Japanese encephalitis (JE) is a global public health issue that has spread widely to more than 20 countries in Asia and has extended its geographic range to the south Pacific region including Australia. JE has become the most important cause of viral encephalitis in the world. Japanese encephalitis viruses (JEV) are divided into five genotypes, based on the nucleotide sequence of the envelope (E) gene. The Muar strain, isolated from patient in Malaya in 1952, is the sole example of genotype V JEV. Here, the XZ0934 strain of JEV was isolated from Culex tritaeniorhynchus, collected in China. The complete nucleotide and amino acid sequence of XZ0934 strain have been determined. The nucleotide divergence ranged from 20.3% to 21.4% and amino acid divergence ranged from 8.4% to 10.0% when compared with the 62 known JEV isolates that belong to genotype I-IV. It reveals low similarity between XZ0934 and genotype I-IV JEVs. Phylogenetic analysis using both complete genome and structural gene nucleotide sequences demonstrates that XZ0934 belongs to genotype V. This, in turn, suggests that genotype V JEV is emerging in JEV endemic areas. Thus, increased surveillance and diagnosis of viral encephalitis caused by genotype V JEV is an issue of great concern to nations in which JEV is endemic.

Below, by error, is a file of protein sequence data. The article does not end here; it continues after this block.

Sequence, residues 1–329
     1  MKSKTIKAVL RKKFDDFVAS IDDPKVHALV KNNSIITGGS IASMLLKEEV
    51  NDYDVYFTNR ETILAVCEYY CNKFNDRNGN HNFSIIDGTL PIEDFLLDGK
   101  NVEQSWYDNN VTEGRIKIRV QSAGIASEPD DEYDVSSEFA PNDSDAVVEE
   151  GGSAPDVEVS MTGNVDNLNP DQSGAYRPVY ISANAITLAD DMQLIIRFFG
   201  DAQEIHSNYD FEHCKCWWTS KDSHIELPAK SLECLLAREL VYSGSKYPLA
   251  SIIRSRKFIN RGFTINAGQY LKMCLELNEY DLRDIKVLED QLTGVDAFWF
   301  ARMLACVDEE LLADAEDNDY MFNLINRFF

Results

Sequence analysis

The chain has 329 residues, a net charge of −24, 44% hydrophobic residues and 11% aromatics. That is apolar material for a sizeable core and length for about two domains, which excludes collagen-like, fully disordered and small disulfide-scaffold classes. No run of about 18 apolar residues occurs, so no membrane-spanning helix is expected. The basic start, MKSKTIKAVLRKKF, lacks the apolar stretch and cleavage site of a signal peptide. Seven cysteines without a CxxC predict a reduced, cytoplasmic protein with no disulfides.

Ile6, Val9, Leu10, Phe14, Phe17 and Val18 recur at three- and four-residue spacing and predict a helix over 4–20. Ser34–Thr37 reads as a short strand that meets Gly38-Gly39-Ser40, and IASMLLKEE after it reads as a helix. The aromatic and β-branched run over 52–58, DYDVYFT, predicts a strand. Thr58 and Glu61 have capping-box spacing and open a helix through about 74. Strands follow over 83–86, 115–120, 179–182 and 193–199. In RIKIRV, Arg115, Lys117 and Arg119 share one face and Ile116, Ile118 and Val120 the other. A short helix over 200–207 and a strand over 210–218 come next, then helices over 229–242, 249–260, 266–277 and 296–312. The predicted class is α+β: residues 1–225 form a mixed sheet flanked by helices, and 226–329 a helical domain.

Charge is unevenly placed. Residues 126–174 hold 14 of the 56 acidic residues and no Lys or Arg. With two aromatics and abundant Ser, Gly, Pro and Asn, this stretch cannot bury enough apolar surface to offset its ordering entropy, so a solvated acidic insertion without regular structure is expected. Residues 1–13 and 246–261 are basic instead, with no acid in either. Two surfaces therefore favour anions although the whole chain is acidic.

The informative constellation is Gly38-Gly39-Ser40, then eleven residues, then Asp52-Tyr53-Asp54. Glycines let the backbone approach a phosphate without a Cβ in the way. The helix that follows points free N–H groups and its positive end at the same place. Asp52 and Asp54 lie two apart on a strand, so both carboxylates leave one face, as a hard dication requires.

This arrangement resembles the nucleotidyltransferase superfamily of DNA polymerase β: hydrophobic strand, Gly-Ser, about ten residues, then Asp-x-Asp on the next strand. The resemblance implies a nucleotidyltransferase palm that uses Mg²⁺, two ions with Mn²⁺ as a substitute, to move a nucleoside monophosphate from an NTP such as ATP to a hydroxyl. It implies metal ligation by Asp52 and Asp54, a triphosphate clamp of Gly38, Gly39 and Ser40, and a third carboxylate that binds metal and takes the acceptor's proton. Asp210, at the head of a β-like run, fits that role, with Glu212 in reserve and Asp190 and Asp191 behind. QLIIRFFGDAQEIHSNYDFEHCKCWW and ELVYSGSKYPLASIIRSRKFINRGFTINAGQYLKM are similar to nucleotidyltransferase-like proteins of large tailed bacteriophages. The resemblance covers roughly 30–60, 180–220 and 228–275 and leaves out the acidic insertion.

We previously described three new Malaysian orthoreoviruses designated Pulau virus, Melaka virus and Kampar virus. Melaka and Kampar viruses were shown to cause respiratory disease in humans. These viruses, together with Nelson Bay virus, isolated from Australian bats, are tentatively classified as different strains within the species Pteropine orthoreovirus (PRV), formerly known as Nelson Bay orthoreovirus, based on the small (S) genome segments. Here we report the sequences of the large (L) and medium (M) segments, thus completing the whole-genome characterization of the four PRVs. All L and M segments were highly conserved in size and sequence. Conserved functional motifs previously identified in other orthoreovirus gene products were also found in the deduced proteins encoded by the cognate segments of these viruses. Detailed sequence analysis identified two genetic lineages divided into the Australian and Malaysian PRVs, and potential genetic reassortment among the M and S segments of the three Malaysian viruses.